Following the game, Michigan did become bowl eligible just to be blown out by Mississippi State in the Gator Bowl. They finished 7-6, Rich Rod's only winning season at Michigan. For the Nittany Lions, the rest of 2010 wasn't much better to them, as they finished 7-6 as well with a loss in the Outback Bowl to Florida.
"Judgment Day" on November 8th, 1997, Michigan 34 - Penn State 8
Arguably the best game between these two teams (the other being 2005) and one of the best wins in Michigan history, there's no argument that the pre-game hype is unmatched when it comes to Michigan versus Penn State. Entering the matchup, both teams sat atop the Big Ten as well as college football. Both teams were undefeated, with Michigan at 8-0 and Penn State at 7-0. The Wolverines were ranked #4 and Penn State #2. Further, the Nittany Lions were on a three-game winning streak against the Wolverines after dropping the first ever game in the series. So you can easily see why the game was nicknamed "Judgment Day." Everyone expected the game to be a close battle, right to the finish. It was Michigan's top-ranked defense against Penn State's powerful offense. But it didn't end up being close, as Michigan absolutely destroyed the Nittany Lions.
On the first drive of the game, Michigan drove 53-yards before Kraig Baker kicked a 29-yard field goal to give the Wolverines an early lead. After kicking the ball off to Penn State, Michigan would sack the Nittany Lions on three straight plays, forcing them to punt. The Wolverines continued by making quick work of Penn State, driving 55-yards for a touchdown, capped by a 12-yard by running back Anthony Thomas. The first quarter set the tone for the game and included a brutal hit that ended the careers of both players involved. Michigan safety Daydrion Taylor lit up Penn State tight end Bob Stephenson along the sidelines on a nothing play. Sadly, both players couldn't return to football after their injuries on the play.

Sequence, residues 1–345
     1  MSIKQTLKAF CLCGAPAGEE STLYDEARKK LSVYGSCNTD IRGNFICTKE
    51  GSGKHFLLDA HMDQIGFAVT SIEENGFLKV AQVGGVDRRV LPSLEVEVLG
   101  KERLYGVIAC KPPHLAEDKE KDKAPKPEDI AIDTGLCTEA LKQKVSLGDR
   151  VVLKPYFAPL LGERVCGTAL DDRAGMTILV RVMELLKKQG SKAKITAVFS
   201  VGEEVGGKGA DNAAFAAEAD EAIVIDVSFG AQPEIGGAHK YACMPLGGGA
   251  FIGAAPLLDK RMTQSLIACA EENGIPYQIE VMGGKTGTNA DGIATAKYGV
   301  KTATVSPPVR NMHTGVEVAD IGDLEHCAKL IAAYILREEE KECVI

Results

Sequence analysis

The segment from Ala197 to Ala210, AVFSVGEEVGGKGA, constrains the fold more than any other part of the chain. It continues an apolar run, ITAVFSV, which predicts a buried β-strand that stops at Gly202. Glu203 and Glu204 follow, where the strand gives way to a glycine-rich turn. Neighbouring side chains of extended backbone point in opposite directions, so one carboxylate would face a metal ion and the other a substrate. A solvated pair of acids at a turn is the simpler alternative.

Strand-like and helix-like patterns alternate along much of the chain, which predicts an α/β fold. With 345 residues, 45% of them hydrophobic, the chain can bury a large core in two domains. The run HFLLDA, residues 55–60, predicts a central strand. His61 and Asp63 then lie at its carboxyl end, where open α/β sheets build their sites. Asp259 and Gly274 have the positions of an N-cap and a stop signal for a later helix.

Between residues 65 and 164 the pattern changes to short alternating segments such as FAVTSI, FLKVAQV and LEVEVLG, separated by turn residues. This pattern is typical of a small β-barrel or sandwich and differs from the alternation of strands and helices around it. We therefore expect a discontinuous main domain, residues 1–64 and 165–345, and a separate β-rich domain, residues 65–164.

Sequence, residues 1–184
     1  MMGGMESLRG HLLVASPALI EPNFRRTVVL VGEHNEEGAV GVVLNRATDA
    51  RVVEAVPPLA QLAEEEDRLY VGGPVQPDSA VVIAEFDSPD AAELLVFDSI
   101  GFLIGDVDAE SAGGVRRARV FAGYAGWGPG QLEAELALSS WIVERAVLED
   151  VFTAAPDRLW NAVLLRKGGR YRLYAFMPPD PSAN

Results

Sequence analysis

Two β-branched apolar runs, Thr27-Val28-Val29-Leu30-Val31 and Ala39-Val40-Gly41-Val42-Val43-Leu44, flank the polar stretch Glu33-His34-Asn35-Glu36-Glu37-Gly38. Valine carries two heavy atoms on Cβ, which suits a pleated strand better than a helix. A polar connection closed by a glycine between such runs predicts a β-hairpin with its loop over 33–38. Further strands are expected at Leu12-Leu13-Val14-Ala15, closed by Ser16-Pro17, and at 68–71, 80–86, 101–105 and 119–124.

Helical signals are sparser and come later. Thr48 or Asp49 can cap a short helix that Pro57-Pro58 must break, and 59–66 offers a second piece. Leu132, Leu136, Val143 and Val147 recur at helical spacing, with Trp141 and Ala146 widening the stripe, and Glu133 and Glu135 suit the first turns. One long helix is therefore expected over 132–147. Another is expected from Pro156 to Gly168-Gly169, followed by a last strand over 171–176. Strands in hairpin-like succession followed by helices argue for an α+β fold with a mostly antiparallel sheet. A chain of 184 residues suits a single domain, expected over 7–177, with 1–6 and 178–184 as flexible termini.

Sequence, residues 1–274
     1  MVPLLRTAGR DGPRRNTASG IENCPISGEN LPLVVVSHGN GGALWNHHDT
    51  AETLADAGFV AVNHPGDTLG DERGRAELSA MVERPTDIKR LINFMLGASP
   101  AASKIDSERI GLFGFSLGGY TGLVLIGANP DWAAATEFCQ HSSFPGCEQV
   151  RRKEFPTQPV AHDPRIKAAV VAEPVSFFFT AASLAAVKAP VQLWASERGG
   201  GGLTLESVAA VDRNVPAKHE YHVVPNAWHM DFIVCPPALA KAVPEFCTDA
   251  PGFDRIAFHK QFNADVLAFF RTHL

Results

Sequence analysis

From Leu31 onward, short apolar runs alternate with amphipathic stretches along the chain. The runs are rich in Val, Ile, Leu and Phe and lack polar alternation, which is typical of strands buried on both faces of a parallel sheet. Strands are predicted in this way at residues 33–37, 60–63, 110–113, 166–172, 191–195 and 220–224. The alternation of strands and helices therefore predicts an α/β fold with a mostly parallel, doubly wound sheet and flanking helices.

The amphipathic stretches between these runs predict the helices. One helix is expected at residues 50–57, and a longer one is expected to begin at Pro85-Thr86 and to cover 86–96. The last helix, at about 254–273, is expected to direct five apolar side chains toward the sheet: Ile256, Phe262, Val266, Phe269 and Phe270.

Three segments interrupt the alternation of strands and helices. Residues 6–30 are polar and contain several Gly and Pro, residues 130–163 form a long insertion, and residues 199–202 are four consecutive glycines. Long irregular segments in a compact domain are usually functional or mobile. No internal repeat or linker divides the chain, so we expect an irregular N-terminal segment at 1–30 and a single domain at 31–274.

Michigan led 10-0 going into the second quarter, where they only added to their lead. Quarterback Brian Griese rushed for 40-yards on a broken play and followed it with a 37-yard touchdown pass to cornerback Charles Woodson, who was playing wide receiver on the play. Michigan's defense got the ball back quickly, holding Penn State to only one yard on the next drive. The Wolverines offense would then continue to make short work of the Nittany Lions as Griese threw for another touchdown after an 11 play, 57 yard drive. With the score, Michigan led 24-0 going into the locker rooms.
After halftime, it was still all Michigan. The Wolverines scored ten more points in the third quarter, giving them a 34-0 lead going into the final frame. In the fourth, Penn State would score its only points of the game on a 1-yard rush by running back Curtis Enis, followed by a two-point conversion. Michigan wouldn't do any more scoring in the last quarter, and the game ended 34-8 in favor of the Wolverines.
Following the win, Michigan would win out and go on to claim its first National Championship in five decades, finishing 12-0 with a win over Washington State in the Rose Bowl. The Nittany Lions would lose in the Fiesta Bowl to Florida, and finish ranked #7 at 11-2.